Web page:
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Set SMART Website Goals to ensure that they are results oriented.  Your website should be a tool to help you achieve goals in your business by working as a lead generator.  Use the S.M.A.R.T. acronym to help you set your website goals wisely and get results.


Specific goals are more likely to be achieved because they help you see how to get to the desired end result.


Measurable goals would be things like number of newsletter signups, sales conversions, the path people are taking through the content on your site, how many times a video is viewed, and anything else related to the main goal.


Identify content and functionality tasks that will help you fulfill your goals and who will be responsible for each one.

Realistic & Relevant

Your goals need to be realistic in that if you want to hit a hundred thousand visitors in a month you’re going to have to have an advertising budget and some joint venture partners to help drive the traffic. This is not to say you shouldn’t set the bar high because you don’t want it to be so low that you lose your motivation and momentum. Your goal is probably realistic if you truly believe that it can be accomplished.  Goals also need to be relevant or appropriate for user interaction and other goals of a specific area of your site that will help you achieve the goals.


Set a start and finish date to ground the goals, then you’ve set your unconscious mind into motion to begin working on the goal and are then able to give time frames to your tasks and tracking as well.

Some examples of SMART website goals include:

  • Increase traffic by 50% in 6 months.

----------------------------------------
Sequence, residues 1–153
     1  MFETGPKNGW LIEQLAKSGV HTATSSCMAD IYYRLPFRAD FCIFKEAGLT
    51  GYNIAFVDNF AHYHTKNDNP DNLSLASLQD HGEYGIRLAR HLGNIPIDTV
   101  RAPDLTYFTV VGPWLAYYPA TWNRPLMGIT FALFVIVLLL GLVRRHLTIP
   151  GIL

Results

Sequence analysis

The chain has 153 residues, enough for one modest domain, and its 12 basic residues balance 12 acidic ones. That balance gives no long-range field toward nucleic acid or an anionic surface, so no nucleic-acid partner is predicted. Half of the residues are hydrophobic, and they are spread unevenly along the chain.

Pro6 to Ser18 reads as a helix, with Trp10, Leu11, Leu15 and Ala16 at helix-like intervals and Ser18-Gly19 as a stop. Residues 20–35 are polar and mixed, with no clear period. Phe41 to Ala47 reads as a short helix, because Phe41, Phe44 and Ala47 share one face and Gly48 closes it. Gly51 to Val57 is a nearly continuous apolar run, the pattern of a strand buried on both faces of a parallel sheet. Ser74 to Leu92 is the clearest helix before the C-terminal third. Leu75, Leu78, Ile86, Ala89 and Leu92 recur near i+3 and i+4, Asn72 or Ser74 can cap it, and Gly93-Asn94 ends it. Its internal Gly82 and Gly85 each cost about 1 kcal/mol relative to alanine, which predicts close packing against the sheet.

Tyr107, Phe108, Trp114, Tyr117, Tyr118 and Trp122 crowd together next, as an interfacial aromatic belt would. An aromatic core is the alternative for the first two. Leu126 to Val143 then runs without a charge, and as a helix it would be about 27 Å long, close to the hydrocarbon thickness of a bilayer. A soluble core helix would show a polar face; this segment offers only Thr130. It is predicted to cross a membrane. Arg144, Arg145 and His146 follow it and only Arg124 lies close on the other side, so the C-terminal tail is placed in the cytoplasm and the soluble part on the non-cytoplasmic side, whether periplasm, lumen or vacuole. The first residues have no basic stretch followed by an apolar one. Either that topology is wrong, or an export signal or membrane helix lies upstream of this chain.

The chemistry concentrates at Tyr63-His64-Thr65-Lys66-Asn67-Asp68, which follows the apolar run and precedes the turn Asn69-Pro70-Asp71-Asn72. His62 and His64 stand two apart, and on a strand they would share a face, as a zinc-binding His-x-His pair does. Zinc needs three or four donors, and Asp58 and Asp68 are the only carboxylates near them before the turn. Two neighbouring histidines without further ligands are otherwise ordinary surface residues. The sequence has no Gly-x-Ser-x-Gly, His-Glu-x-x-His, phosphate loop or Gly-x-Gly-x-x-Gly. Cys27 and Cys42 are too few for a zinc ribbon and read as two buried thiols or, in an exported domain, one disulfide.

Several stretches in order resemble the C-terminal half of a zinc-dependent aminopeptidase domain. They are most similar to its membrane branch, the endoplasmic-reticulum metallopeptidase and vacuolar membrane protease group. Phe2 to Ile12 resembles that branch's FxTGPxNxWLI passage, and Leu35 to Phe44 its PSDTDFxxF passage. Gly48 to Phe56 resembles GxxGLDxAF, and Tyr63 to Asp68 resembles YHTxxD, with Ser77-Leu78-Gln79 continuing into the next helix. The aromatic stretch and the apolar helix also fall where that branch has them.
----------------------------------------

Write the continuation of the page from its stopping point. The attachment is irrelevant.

• Increase sales of X product online by 20% over the next month.
  • Have 100 members in Y program in the next quarter.
  • Add 1000 new subscribers to the newsletter over the next 3 months.
  • Share a link to your landing page or new blog post on LinkedIn 5 times each week.
  • Increase brand loyalty on social media by encouraging fans to give at least 1 message of positive feedback per day.

Be careful not to set too many goals at one time. Set a limit and stick to it, especially if setting and tracking goals is new to you. Plan who will be responsible for each task from deciding on the goals, implementing the activities to set things in motion and keeping track of the results.

Set milestones and have everyone involved included in milestone meetings so they are invested in the outcome. Reward your team when goals are met and when they aren’t find out why quickly, and figure out how to fix the system so you can recover and stay on track. Consider split testing changes to your web pages during the process to improve your results.

Now go set a few SMART goals for your website and share them below!

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